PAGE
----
I can empathize. I had a science exhibition where I was presenting a model on the optimization of the aviation industry using mathematical modelling. But then out of the 5,000 odd (or even) students who turned up for the expo, only a handful knew what I was going on about. Most had never seen an aircraft. I then had to change my plan and teach them the basics of flight using a flight simulator. Even though I had barely a few minutes with each batch, that smile of understanding on their faces was worth the effort of talking non-stop for 8 hours with no lunch break. wink

Posted by: Vivek on January 21, 2011

GREAT BLOG !!

Posted by: Ryan '15 on January 21, 2011

That was a truly touching post! I intended to read only the last few lines but ended up reading the whole article. You probably motivated a bunch of readers to choose teaching as their career. Speaking of which, teachers are really underpaid in many parts of the world. I hope that some day this lamentable phenomenon will change and those Navajo kids will not go through more than nine years of education without even getting a proper grasp of basic math operations.

Posted by: Lavender Country on January 21, 2011

There are many kids, not on reservations, just in our regular school system, who also suffer the same maltreatment in terms of the education they receive. I don't know what the education in London was like-- maybe better, maybe not. But it's lamentable that any sort of real education reform tends to get caught up in red tape. The problems you brought up are spread across the nation.

But I'm glad you understand what a lot of bureaucrats seem not to: teaching is hard, which is why you can't always gauge teaching by student performance. And while you seem to have had mostly kids who were willing and even eager to learn, teaching is even harder when the student is unwilling.

This is an interesting post.

Posted by: anonymous on January 21, 2011

@Khurram Manzoor & Ryan: Thanks!

@Anonymous & Vivek: It's great to hear about your experiences! It sounds like you're doing great work.

@Lavender Country: I hope so too, and I know that there are people across the country working tirelessly to make that happen.

@anonymous: Thanks for bringing that up! I definitely don't want to leave the impression that this problem is something limited to the Navajo Nation; I just don't feel qualified to talk about the issue elsewhere, since this is the only place with which I've had first-hand experience. London is like any big city in the US: there are good schools and good teachers, and there are bad schools and bad teachers. I think that every kid wants to learn (or at least, that's what I tell myself) - but they often stop trying because they don't believe in themselves, or they don't see the relevance of certain subject matter towards their futures. This is one of a teacher's biggest challenges, in my opinion: getting the kids invested in their learning.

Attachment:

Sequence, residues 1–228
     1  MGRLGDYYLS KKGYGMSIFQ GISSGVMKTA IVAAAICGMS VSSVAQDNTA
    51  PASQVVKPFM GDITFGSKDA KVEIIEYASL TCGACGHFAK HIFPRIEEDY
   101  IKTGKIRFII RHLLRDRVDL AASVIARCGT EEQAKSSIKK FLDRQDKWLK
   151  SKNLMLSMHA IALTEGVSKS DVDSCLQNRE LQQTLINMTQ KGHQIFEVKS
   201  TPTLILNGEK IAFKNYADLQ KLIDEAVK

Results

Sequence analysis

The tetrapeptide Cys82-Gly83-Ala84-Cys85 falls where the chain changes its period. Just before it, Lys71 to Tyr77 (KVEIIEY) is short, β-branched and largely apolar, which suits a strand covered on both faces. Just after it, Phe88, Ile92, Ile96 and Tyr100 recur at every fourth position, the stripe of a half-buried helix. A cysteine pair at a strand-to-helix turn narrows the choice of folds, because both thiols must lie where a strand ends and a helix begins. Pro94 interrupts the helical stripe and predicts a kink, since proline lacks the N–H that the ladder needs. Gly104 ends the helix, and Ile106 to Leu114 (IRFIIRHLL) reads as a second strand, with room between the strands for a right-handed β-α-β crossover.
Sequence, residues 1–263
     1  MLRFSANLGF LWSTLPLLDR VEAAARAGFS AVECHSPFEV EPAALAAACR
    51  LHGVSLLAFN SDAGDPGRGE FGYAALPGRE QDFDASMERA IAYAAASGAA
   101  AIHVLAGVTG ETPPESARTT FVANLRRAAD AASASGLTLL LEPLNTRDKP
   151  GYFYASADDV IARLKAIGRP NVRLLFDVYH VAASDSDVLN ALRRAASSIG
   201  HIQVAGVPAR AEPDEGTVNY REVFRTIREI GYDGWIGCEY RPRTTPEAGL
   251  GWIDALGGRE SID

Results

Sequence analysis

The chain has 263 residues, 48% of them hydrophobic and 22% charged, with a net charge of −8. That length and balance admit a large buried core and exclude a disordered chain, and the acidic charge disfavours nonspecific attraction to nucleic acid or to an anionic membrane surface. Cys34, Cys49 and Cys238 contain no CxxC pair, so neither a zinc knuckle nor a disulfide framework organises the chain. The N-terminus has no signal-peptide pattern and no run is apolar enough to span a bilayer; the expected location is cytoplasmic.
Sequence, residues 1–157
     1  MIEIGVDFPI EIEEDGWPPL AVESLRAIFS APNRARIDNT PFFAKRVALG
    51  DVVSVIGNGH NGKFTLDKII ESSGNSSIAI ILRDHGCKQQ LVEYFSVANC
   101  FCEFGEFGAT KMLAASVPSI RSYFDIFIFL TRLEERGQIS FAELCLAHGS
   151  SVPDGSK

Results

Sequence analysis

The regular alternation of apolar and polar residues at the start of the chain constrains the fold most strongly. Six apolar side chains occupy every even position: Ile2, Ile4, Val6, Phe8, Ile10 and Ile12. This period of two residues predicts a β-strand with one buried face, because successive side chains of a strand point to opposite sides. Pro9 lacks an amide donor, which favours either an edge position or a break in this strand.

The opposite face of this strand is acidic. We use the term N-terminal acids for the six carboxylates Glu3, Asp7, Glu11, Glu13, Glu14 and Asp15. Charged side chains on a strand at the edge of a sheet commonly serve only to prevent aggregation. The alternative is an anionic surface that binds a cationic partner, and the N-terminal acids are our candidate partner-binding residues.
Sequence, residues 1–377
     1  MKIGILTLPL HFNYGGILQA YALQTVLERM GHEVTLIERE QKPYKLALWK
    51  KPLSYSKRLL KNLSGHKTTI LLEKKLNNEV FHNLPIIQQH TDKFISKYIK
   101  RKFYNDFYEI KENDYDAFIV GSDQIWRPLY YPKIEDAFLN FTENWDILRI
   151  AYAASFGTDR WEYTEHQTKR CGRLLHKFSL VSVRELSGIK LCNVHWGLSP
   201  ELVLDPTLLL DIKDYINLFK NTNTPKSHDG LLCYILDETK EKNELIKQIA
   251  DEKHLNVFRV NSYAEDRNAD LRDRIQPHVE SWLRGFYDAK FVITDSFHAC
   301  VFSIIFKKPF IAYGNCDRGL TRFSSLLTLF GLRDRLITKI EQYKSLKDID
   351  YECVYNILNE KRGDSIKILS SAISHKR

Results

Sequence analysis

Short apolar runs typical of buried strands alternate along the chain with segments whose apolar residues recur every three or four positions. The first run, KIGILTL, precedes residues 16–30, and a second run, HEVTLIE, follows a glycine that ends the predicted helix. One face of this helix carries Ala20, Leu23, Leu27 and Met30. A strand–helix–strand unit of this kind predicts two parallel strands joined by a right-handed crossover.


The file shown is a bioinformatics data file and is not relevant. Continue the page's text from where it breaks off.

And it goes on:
Posted by: Anna H. '14 on January 21, 2011

Thanks for a beautiful story! Teaching IS very hard, but so rewarding when you see the light bulb come on!

Posted by: An MIT mom on January 21, 2011

Great blog. thank you. i love it. my child like to give her teachers little thank you notes now and again especially if she missed a lot of homework. Is it a form of bribe? Who knows.smile But on a different note, she volunteers at the middle school once a week tutoring the kids that needed help and majority of the time, the younger kids will ask her opinion/advice on stuff other than math/reading/writing. Stuff about being bullied or figthing and so on. I guess sometimes it is easier for kids to communicate with their peers instead of the adults. Keep up your volunteering/role models. We need more kids like you around.

Posted by: parentofachild on January 21, 2011

How did the seniors make it to Algebra II without knowing the difference between subtraction and division in the first place?

Posted by: MIT '13 on January 22, 2011

Anna, kudos to you for a brilliant, beautiful and oh so touching post! It helped me to understand the emotions my teachers experience. I can now make some sense of their hopes, expectations, disappointments, challenges, frustrations and joys. Loved the post!

Posted by: Nikita on January 22, 2011

I don't read or comment much here, but I just thought this was a beautiful, gentle post and I'm proud that you're taking on this challenge during IAP! It also sounds like you're a very intuitive teacher, that's wonderful.

Have you taught for ESP?

Posted by: Old Fogey Alumna on January 22, 2011

I am a teaching intern at my high school, which is a selective school, yet even there teaching is very difficult. I cannot imagine the difficulties you have faced, yet at the same time I do understand that feeling when you have success and the students start to get it. I applied to MIT early and was deferred and the Four Weeks For America Challenge has just shown me another reason to want to go to MIT. I already tutor and occasionally teach lessons at my high school but i think it would great to do it somewhere where it makes a large difference (What I do helps at my high school but our graduation rate is almost 100% anyway), and I think this program would be an excellent opportunity.
Four Weeks For America Challenge-- Challenge Accepted.

Posted by: Corey on January 22, 2011

I'll be honest. The thing that shocked me the most about your post was the square thing. Up until now, I had no idea that's what squaring a number meant. raspberry

Posted by: Albert on January 26, 2011